It is the single that you will be concerned with during your initial introduction to the tuba. This a type of articulation in which you will use only one syllable to begin any note. Double tonguing is a style of articulation in which notes are produced in multiples of twos, while triple tonguing is that style of articulation in which the notes are grouped in multiples of threes. These multiple-tonguing styles require the use of two syllables and these are usually, "Tu" and Ku".

In multiple-tonguing, the syllables must be even in weight and length. The "Tu" must not be longer or louder than the "KU". It is best to practice only the K syllable alone for two weeks beginning with quarter note equal to sixty beats per minute and gradually increasing the tempo. Uniformity of note beginning, middle and ending is your goal. When this has been achieved, you should then begin to use both the T and K syllables together with the same goal of equal length and weight for each. Multiple tonguing should only be learned after you have mastered the single tongue. Double and triple tonguing techniques are used for the purpose of clarity and are not to be substituted in place of the single tongue.

As you begin your first attempts at articulation, try not to "attack" any notes. Think instead of "pronouncing" the notes by saying the word "too". You would of course not actually sound this word verbally, but would use your air stream, tongue and mouth to form this word as you engage your tongue. You may not achieve perfect results the first time you try to use your tongue. Keep at it and eventually you will find just the right place for your tongue and exactly how to begin each note you play. It is important to remember that all syllables be pronounced in a manner as closely related to speech as possible. Do not swallow your syllables by placing them too far back in your throat.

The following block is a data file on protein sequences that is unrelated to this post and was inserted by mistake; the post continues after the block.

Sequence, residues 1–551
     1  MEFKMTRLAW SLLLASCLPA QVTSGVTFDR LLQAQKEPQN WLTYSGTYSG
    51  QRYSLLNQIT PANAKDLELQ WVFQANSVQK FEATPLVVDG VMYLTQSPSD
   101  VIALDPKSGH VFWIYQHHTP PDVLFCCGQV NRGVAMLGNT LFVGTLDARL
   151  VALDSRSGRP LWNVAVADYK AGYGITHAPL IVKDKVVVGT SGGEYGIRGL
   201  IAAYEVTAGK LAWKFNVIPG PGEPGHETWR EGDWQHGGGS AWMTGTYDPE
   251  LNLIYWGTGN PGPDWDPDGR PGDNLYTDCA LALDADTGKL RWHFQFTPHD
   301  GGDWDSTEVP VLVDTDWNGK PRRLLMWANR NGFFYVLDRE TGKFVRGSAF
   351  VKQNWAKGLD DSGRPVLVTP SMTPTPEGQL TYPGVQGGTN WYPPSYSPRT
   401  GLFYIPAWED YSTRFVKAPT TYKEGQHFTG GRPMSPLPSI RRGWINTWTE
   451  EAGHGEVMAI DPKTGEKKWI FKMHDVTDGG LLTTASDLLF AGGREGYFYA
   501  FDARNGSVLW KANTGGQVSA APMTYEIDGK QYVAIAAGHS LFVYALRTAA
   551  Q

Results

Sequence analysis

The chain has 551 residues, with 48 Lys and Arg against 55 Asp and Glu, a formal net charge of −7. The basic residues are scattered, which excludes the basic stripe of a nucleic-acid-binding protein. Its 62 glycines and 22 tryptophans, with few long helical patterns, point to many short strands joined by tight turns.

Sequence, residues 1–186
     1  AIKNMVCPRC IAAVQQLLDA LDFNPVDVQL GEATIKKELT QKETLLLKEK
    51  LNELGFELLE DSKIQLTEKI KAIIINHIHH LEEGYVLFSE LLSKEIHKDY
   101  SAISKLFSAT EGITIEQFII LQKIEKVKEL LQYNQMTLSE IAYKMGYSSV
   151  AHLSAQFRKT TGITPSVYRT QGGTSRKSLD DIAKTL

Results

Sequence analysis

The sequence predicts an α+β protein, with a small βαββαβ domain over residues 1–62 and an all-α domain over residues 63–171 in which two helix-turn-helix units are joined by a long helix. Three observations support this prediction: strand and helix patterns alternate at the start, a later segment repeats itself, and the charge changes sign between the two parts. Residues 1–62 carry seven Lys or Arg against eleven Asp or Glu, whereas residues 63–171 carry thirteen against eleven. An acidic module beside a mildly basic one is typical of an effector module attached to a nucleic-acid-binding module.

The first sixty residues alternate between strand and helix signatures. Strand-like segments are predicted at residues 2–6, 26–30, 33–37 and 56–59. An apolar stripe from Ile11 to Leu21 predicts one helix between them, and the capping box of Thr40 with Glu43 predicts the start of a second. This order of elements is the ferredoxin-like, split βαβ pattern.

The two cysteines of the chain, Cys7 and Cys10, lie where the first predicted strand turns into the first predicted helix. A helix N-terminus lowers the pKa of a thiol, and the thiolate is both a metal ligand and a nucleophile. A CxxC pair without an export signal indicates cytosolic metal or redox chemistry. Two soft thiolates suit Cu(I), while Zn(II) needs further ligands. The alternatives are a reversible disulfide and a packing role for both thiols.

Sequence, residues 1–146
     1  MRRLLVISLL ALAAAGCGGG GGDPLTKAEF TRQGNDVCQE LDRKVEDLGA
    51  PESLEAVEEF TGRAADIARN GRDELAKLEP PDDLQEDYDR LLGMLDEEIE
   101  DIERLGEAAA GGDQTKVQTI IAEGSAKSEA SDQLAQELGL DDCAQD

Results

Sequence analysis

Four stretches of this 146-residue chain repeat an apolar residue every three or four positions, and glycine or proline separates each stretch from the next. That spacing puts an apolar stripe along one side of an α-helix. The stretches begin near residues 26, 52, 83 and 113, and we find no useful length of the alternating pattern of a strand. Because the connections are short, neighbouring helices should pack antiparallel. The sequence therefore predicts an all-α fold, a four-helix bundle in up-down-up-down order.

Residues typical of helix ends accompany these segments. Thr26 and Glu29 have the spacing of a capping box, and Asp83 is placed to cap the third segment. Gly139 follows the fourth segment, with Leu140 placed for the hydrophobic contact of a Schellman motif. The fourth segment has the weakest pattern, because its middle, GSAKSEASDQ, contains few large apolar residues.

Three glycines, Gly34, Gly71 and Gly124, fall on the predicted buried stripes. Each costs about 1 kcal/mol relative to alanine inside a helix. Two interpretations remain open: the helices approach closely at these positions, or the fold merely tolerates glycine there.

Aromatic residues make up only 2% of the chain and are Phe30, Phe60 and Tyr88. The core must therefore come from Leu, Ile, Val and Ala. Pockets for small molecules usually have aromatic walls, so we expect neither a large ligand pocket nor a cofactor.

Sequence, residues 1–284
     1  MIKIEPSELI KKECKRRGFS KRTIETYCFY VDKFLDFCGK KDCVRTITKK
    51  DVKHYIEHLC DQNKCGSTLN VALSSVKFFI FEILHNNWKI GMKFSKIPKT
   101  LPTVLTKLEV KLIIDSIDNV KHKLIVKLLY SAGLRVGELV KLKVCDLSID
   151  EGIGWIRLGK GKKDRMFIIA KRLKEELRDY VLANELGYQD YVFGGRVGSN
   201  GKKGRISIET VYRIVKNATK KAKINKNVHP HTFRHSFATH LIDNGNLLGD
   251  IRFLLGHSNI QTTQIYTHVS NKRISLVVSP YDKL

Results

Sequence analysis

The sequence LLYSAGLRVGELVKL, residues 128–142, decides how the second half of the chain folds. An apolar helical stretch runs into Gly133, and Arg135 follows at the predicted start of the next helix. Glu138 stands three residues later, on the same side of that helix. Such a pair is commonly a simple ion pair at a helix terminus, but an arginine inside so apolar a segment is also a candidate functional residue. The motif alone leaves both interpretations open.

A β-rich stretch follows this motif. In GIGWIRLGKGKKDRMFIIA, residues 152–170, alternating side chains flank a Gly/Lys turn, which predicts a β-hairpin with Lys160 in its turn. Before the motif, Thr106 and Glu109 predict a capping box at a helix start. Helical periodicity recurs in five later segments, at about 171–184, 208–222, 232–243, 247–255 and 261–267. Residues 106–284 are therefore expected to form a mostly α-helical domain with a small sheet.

You may find yourself producing articulations by letting your tongue go between the teeth and through the lips. This type of articulation is dangerous for tuba players because it can cause heavy and ponderous note beginnings.

Many teachers and performers of brass instruments advocate what is commonly referred to as the "tongue arch". Simply stated, this process is achieved by arching the back of the tongue up when ascending and lowering the back of the tongue when descending. No recommendation for or against this method is offered. It will be a matter of individual choice.

In simple terms, slurring is the movement from one note to another in smaller or greater numbers. The difference in slurring and tonguing is that only the first note of a group would be articulated and the rest of the slurred passage would be played by smoothly connecting the notes to one another without using the tongue.

Slurs often present problems for players, especially if they are to be executed in ascending passages. The lower jaw functions in slurring precisely as it does in strict articulation. It will open or close depending on the register and the pattern of the slur group. You must be careful no to over-compensate by having too much or even too little jaw movement because this could impede the smoothness of the slur.